The first Law had left the number and positions of the Offices33 of Inspection, which were to be established in each District for receiving entries of Stills, to the discretion of the Supervisor.34 The second, to secure a due accommodation to Distillers, provides peremptorily that there shall be one in each County.35
The idea was immediately embraced, that it was a very important point in the scheme of opposition to the law to prevent the establishment of Offices in the respective Counties. For this purpose, the intimidation of well disposed inhabitants was added to the plan of molesting and obstructing the Officers by force or otherwise, as might be necessary. So effectually was the first point carried, (the certain destruction of property and the peril of life being involved) that it became almost impracticable to obtain suitable places for Offices in some of the Counties—and when obtained, it was found a matter of necessity in almost every instance to abandon them.
After much effort The Inspector of the Revenue succeeded in procuring the house of William Faulkner a captain in the army for an Office of Inspection in the County of Washington. This took place in August 1792. The office was attended by the Inspector of the Revenue in person, till prevented by the following incidents.
Capt Faukner, being in pursuit of some Deserters from the troops, was encountered by a number of people in the same neighbourhood, where Mr. Johnson had been ill treated the preceding year, who reproached him with letting his house for an Office of Inspection—drew a knife upon him, threatened to scalp him, tar and feather him, and reduce his house and property to Ashes, if he did not solemnly promise to prevent the further use of his House for an Office.
Capt Faulkner was induced to make the promise exacted—and in consequence of the circumstance wrote a letter to the Inspector dated the 20th of August countermanding the permission for using his house—and the day following gave a public notice in the Pittsburgh Gazette that the Office of Inspection should be no longer kept there.36
At the same time, another engine of opposition was in operation. Agreeable to a previous notification, there met at Pittsburgh on the 21st of August a number of persons stiling themselves “A Meeting of sundry Inhabitants of the Western Counties of Pensylvania”37 who appointed John Canon Chairman and Albert Gallatin Clerk.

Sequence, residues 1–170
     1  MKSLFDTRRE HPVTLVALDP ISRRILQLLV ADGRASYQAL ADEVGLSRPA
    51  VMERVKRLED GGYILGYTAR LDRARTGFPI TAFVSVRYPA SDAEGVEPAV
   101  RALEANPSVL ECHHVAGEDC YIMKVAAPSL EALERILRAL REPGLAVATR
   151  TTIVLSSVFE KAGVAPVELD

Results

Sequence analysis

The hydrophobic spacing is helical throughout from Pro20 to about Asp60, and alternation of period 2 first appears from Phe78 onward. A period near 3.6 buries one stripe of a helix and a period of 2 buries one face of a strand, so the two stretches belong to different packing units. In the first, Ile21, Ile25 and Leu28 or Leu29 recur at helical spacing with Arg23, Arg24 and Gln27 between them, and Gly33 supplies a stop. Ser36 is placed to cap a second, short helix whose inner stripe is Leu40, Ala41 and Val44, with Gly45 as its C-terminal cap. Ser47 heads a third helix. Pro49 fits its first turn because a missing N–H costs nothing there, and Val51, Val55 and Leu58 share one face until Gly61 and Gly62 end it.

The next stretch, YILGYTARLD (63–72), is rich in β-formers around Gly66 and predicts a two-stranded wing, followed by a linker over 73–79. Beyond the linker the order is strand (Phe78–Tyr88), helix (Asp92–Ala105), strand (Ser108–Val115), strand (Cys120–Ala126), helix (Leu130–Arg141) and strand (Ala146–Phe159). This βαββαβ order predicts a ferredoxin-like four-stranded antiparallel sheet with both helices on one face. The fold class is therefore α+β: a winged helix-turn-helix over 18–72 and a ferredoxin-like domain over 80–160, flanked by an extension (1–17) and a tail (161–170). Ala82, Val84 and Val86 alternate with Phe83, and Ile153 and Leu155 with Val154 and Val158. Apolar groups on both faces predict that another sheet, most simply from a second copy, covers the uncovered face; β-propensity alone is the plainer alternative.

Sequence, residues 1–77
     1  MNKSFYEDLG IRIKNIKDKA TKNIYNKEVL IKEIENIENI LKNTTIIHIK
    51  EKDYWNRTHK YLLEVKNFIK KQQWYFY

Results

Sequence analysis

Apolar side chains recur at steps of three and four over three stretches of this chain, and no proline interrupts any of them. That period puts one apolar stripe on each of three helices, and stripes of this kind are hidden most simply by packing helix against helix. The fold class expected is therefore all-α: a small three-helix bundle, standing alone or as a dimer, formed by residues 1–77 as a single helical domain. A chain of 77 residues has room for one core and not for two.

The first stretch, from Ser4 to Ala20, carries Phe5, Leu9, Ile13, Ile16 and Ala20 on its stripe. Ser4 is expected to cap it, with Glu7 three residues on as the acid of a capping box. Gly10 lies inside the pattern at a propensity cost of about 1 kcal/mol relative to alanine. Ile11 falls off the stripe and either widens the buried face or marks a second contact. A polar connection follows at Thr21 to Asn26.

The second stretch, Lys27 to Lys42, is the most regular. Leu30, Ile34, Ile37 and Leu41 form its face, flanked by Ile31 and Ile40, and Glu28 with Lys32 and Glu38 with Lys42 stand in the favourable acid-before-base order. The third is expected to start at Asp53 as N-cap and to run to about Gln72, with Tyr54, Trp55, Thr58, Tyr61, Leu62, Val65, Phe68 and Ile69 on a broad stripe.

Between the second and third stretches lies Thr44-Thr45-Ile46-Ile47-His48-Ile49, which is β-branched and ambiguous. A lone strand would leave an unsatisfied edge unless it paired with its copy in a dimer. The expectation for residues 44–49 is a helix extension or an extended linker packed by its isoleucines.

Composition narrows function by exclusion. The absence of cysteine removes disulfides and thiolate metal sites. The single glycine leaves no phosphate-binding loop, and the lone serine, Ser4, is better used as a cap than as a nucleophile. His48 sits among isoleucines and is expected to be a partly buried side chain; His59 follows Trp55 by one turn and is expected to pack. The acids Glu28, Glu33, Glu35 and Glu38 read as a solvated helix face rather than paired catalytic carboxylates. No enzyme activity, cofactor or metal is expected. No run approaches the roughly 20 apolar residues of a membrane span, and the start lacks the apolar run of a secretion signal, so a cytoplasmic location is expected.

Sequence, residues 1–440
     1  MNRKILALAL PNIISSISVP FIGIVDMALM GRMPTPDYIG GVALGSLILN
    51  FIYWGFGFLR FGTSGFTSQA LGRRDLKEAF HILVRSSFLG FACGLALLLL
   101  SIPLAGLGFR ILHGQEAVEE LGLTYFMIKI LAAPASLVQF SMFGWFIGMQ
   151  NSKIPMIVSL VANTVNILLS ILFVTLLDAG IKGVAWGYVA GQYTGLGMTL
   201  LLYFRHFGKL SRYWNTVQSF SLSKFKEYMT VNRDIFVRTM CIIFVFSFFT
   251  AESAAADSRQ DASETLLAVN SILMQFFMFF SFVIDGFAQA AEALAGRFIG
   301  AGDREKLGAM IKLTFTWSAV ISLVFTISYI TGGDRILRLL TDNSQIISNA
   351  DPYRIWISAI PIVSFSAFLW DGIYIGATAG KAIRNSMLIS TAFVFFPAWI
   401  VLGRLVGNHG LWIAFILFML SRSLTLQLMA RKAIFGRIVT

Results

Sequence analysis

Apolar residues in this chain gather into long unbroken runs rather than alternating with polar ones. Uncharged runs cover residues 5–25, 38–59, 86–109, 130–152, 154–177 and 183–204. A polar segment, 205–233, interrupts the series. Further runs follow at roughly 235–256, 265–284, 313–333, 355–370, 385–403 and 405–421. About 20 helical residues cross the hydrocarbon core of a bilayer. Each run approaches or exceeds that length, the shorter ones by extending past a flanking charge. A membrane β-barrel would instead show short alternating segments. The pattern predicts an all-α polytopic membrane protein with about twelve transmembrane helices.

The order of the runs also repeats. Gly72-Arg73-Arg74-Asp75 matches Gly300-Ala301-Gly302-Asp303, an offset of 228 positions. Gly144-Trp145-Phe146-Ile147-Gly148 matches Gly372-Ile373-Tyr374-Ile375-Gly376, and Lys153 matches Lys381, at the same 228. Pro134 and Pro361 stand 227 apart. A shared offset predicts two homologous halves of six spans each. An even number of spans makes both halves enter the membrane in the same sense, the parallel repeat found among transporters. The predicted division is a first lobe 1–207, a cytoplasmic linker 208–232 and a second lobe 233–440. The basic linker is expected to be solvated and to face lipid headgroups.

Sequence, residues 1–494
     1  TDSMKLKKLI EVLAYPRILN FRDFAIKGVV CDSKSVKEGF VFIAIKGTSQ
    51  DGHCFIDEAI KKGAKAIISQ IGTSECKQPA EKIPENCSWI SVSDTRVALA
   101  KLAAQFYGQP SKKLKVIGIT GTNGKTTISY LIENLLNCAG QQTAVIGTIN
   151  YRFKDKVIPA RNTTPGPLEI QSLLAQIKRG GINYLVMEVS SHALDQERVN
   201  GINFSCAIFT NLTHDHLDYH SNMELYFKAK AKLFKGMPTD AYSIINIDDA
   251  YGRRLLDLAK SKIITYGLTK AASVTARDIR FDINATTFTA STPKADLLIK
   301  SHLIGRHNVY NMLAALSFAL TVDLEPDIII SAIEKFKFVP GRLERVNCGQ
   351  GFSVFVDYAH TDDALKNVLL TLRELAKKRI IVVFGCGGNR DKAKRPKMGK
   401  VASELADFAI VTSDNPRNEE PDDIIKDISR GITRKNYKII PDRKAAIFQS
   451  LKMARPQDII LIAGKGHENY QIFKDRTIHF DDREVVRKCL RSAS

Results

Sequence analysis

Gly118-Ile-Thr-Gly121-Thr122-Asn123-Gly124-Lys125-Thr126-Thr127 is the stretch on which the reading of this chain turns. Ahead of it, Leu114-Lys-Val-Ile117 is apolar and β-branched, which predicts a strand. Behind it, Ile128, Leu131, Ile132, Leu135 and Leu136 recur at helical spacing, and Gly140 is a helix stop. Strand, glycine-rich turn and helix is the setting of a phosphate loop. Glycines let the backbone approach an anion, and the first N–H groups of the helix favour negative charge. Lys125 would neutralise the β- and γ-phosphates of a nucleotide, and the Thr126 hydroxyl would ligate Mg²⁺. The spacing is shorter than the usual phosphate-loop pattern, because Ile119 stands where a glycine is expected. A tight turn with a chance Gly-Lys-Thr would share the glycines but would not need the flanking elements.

This Meeting entered into resolutions38 not less exceptionable than those of its predecessors. The preamble suggested that a tax on spirituous liquors is unjust in itself and oppressive upon the poor—that internal taxes upon consumption must in the end destroy the liberties of every country in which they are introduced—that the law in question, from certain local circumstances which are specified, would bring immediate distress & ruin upon the Western Country, and concludes with the sentiment, that they think it their duty to persist in remonstrances to Congress, and in every other Legal measure, that may obstruct the operation of the Law.
The Resolutions then proceed, first, to appoint a Committee to prepare and cause to be presented to Congress an address, stating objections to the law and praying for its repeal—secondly to appoint Committees of correspondence for Washington Fayette, and Alleghany, charged to correspond together and with such Committee as should be appointed for the same purpose in the County of Westmoreland, or with any Committees of a similar nature, that might be appointed in other parts of the UStates, and also if found necessary to call together either general Meetings of the people, in their respective Counties, or conferences of the several Committees: And lastly to declare, that they will in future consider those who hold Offices for the collection of the duty as unworthy of their friendship, that they will have no intercourse nor dealings with them, will withdraw from them every assistance, withhold all the comforts of life which depend upon those duties that as men and fellow Citizens we owe to each other, and will upon all occasions treat them with contempt; earnestly Recommending it to the People At Large to Follow the Same Line of Conduct Towards Them.